"History Of Rueda De Casino"
Rueda de Casino was developed in Havana, Cuba in the late 1950s and early 1960s by the group Guaracheros de Regla and one of its main choreographers and creators was Jorge Alfaro from San Miguel del Padrón, a soloist of a comparsa. As a result of the Castro regime, many Cubans emigrated to the US, many to the Miami area. With them they took their culture including various foods, music and dancing. Rueda de Casino began to slowly make its way into the Miami salsa community and in the late 1980s and early 1990s it experienced an enormous explosion of popularity. From Miami, Rueda de Casino spread first to major U.S. metropolitan centers with large Hispanic populations and eventually to other cities, becoming a popular dance around the world. In 2014, the first International Rueda de Casino Multi Flash Mob took place in which people from 67 countries, including 199 cities, danced Rueda de Casino simultaneously.
Pairs of dancers form a circle, with dance moves called out by one person, a caller (or "líder" or "cantante" in Spanish). Many moves have hand signs to complement the calls; these are useful in noisy venues, where spoken calls might not be easily heard. Most moves involve the swapping of partners. The names of the moves are mostly in Spanish, some in English (or Spanglish; e.g., "un fly"). Some names are known in slightly different versions, easily recognizable by Spanish-speaking dancers, but may be confusing to the rest. Although the names of most calls are presently the same across the board, the different towns in Cuba use their own calls. This is because the pioneers of Rueda de Casino wanted to keep others from participating in their Rueda. Many local variations of the calls can now be found. They can change from town-to-town or even from teacher-to-teacher. There are many different variations of moves in Rueda de Casino.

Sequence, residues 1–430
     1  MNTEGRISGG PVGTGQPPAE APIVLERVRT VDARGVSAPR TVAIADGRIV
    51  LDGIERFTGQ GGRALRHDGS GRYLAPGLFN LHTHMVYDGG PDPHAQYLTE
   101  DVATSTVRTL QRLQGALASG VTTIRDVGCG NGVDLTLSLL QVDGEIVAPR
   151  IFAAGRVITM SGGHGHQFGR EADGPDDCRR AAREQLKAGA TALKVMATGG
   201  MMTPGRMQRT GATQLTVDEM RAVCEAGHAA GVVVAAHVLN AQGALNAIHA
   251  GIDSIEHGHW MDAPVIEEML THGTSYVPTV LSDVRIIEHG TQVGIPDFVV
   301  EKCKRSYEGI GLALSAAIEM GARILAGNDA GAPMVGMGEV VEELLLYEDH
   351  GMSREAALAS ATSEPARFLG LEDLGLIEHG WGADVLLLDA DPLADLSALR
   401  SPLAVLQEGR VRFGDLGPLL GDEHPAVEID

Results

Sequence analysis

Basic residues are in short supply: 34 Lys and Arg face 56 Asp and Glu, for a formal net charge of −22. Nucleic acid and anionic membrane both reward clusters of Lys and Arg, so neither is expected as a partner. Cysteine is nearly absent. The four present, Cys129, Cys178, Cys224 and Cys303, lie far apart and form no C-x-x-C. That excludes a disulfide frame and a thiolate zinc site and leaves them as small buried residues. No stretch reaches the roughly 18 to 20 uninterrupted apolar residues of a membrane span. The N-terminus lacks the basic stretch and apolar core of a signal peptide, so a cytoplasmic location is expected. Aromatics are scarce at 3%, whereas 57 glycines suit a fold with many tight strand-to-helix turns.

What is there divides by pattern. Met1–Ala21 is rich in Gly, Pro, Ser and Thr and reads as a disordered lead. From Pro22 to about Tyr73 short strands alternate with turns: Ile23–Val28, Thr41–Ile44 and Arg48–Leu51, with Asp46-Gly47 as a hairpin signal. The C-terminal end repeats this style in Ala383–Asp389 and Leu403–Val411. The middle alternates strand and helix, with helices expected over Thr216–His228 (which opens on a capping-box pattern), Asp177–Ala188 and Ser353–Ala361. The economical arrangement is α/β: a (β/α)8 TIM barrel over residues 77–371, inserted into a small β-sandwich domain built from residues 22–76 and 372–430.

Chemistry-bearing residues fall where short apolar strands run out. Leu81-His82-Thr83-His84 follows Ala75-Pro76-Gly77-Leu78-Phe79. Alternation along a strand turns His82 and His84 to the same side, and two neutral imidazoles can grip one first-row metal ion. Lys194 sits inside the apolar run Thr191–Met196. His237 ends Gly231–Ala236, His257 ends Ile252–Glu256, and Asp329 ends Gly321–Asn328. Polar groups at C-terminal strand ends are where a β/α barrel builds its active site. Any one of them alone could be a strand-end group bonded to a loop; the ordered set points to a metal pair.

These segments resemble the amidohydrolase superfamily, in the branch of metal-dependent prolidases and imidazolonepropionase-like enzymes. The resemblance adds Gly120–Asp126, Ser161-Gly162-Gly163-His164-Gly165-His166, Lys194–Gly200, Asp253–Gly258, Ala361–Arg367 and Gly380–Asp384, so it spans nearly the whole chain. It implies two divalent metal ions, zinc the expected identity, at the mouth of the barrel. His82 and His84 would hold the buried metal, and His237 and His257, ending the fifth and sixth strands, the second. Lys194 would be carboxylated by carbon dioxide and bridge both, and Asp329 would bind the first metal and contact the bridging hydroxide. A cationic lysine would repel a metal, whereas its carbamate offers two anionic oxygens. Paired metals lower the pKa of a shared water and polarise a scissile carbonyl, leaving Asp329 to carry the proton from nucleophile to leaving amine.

Rueda de Casino scenes may be seen in the movie Dance with Me and in the music video clip No me dejes de querer by Gloria Estefan.